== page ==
domingo, 10 de abril de 2011

Abeja - Bee

* Entendimiento de la energía femenina del guerrero
* Reencarnación
* Comunicación con los muertos
* Laboriosidad
* Concentración
* Prosperidad

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B E E:

Fertility and the Honey of Life,
Accomplishing the Impossible

Bees are the symbol of fertility and sexuality.
Its honeycomb, a hexagon, is the symbol of the heart and
represents the sweetness of life found within our own heart.
It is also the symbol of the sun and all its energies.

The bee reminds us to extract the honey of life
and to make our lives fertile (productive) while the sun shines.
No matter how great the dream is, there is the promise of fulfillment
if we pursue our dreams.

If a Bee has shown up in your life, examine your own productivity.
Are you doing all you can to make your life more fertile?
Are you busy enough?
Are you making time to savor the honey of life and not becoming a workaholic?

The Bee is the symbol of accomplishing the impossible.
Aerodynamically, its body is too large for its wings and should not be able to fly.
Although now we understand how it does fly (high rate of wing movement),
the Bee remains a symbol of accomplishing anything you put your mind to.

In Hinduism, the Bee relates to Vishnu, Krishna or Kama, the God of Love.
In Egypt, the Bee symbolized royalty.
In Greece, it was the symbol of the Eleusinian Mysteries.
The Celts associated the Bee with hidden wisdom.


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Bumblebee, Power Animal, Symbol of Community, Sun, Personal Power

By Ina Woolcott

The ancient Druids saw the bee as symbolising the sun, the Goddess, celebration, and community. At festivals, mead was usually drunk - the main ingredient of which is fermented honey.

In later Christian times, monks lived in beehive-shaped huts, which represented the aim of a harmonious community - whether it included oneself and Spirit or others as well.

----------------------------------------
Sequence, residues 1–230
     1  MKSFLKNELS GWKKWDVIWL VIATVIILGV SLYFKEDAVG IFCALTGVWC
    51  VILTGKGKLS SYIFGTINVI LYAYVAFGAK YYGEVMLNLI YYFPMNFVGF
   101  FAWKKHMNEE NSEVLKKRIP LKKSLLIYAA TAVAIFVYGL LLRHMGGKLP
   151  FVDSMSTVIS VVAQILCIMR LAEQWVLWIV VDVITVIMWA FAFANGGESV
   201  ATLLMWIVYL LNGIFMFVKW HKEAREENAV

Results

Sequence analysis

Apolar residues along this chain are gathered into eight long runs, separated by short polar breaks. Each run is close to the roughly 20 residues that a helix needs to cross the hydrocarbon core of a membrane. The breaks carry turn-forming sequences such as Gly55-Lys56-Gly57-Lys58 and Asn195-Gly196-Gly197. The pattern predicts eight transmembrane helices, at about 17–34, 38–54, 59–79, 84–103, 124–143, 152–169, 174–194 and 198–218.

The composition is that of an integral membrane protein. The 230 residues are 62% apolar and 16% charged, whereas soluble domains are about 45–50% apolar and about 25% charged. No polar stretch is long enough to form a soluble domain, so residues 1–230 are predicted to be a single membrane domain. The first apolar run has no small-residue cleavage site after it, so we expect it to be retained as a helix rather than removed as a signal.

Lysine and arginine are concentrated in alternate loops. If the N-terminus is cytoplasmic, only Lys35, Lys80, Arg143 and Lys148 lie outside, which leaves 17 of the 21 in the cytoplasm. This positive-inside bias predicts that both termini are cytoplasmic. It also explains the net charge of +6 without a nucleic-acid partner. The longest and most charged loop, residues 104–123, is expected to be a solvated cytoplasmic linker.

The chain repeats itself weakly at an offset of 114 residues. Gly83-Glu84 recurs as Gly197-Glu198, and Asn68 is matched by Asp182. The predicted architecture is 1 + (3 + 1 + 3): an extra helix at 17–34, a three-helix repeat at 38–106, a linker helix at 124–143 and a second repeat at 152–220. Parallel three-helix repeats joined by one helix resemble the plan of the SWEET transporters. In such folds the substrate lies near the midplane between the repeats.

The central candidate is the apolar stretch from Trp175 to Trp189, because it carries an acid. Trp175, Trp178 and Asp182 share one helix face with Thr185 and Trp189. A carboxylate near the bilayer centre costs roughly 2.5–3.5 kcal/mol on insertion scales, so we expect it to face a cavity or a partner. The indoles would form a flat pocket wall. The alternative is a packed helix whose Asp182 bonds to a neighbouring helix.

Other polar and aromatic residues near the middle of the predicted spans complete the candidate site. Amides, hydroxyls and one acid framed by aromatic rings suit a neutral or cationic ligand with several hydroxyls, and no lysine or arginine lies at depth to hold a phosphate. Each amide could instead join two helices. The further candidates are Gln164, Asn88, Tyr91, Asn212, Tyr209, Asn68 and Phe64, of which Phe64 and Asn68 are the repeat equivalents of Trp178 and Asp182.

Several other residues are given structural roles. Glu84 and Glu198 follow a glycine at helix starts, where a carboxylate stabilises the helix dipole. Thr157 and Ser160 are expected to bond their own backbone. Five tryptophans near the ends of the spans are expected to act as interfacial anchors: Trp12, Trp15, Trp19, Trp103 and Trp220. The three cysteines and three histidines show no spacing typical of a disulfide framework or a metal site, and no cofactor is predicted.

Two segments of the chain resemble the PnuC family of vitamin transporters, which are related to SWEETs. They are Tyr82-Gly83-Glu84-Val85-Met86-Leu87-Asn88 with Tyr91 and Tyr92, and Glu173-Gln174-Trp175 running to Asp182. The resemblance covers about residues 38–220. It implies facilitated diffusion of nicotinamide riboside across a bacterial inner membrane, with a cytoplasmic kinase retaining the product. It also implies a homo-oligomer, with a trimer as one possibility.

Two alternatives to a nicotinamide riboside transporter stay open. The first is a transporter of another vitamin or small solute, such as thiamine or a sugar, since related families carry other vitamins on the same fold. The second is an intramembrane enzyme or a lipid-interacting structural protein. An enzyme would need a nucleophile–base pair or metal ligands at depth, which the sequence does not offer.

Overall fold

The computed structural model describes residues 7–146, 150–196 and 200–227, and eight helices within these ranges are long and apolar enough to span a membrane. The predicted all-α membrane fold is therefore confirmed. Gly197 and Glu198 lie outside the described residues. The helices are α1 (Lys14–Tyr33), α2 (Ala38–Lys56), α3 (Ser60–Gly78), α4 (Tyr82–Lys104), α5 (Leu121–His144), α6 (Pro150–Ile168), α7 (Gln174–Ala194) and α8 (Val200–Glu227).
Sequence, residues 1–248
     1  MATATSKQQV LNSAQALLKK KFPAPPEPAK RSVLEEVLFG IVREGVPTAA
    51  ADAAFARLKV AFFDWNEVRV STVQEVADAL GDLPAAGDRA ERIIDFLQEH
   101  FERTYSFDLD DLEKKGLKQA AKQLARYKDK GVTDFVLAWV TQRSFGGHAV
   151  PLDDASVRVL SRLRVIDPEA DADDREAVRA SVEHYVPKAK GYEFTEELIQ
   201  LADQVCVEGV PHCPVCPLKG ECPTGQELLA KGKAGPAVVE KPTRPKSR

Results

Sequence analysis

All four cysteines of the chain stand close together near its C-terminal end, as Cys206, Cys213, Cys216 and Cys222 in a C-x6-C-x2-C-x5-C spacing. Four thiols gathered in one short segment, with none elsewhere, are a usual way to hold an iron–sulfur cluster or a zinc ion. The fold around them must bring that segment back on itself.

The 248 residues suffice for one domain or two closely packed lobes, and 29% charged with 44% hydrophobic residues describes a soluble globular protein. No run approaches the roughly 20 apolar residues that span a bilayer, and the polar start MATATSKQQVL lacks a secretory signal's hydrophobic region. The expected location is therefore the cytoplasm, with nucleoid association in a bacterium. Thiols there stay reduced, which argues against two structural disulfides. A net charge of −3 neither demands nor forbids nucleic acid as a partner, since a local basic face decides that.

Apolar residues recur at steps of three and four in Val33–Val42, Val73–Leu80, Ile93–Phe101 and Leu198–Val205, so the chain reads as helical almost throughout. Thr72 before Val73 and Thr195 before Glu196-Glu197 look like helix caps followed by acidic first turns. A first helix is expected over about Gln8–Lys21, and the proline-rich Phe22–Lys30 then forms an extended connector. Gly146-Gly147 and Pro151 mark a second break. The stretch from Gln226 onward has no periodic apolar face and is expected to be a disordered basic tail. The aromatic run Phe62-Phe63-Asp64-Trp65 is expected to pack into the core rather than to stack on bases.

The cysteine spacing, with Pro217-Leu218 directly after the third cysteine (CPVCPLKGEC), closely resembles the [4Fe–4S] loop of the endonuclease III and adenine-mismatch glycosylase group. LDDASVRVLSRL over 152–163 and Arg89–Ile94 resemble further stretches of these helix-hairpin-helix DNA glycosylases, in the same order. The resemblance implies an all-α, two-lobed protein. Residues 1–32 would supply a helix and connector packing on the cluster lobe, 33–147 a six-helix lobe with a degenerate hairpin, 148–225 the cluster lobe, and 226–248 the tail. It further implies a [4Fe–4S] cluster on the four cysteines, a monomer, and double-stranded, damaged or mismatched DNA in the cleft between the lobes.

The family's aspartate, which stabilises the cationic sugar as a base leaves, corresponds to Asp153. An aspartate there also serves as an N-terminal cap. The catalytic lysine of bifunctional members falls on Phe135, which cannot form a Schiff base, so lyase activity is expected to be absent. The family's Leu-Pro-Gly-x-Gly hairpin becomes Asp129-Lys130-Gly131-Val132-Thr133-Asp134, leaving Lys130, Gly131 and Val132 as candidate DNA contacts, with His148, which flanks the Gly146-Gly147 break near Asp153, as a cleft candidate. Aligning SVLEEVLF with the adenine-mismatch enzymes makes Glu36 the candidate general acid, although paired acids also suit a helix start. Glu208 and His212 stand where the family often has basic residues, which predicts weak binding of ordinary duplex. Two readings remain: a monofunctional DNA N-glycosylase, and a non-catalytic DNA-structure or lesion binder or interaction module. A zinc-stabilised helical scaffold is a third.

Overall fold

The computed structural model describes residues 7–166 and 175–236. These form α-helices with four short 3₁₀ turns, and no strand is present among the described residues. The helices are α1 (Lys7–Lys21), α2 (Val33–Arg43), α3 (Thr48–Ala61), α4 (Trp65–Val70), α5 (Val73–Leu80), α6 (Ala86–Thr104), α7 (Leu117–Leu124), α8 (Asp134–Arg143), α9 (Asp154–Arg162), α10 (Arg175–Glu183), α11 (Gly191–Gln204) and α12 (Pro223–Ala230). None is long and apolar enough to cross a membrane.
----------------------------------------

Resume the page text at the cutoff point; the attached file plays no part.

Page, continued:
Bumblebees usually have fewer individuals in their colonies and store less honey compared with the honeybee. Bumblebees are one of few insects that have the ability to control their body temperature. The queen bee and her workers can shiver their flight muscles to warm themselves in cold weather. This allows them to fly and work at lower temperatures than most other insects. They are also kept warm by their large size and hairy coat.

Some yogi masters are able to slow their heartbeat and adjust their body temperatures when in an altered state. This ability is associated to the ancient initiations of mastering the body, mind and spirit.

Those with this power animal more often than not have strong past life connections to the ancient secrets of longevity and can benefit from yoga. They also make good hypnotherapists.

ALL bees are productive, they stay focused on whatever they are doing and do not get sidetracked from their goal. Their legs are one of their most sensitive organs- they actually use them to taste. We are being reminded by the bee to slow down, to smell the flowers and taste the sweet nectar of life.

Those with this power animal may have hypoglycaemia and diabetes. Hence, regular exercise and good nutrition is advisable.

The bumblebee is a highly important pollinator of many plants, they hold the power of service. When landing upon a flower to collect its nectar, pollen also attaches itself to the leg. This is then passed on to other flowers, creating a fertilisation process. Their movement from one plant to plant represents the interconnectedness of all living things. The bumblebee is a messenger bringing the secrets of life and service.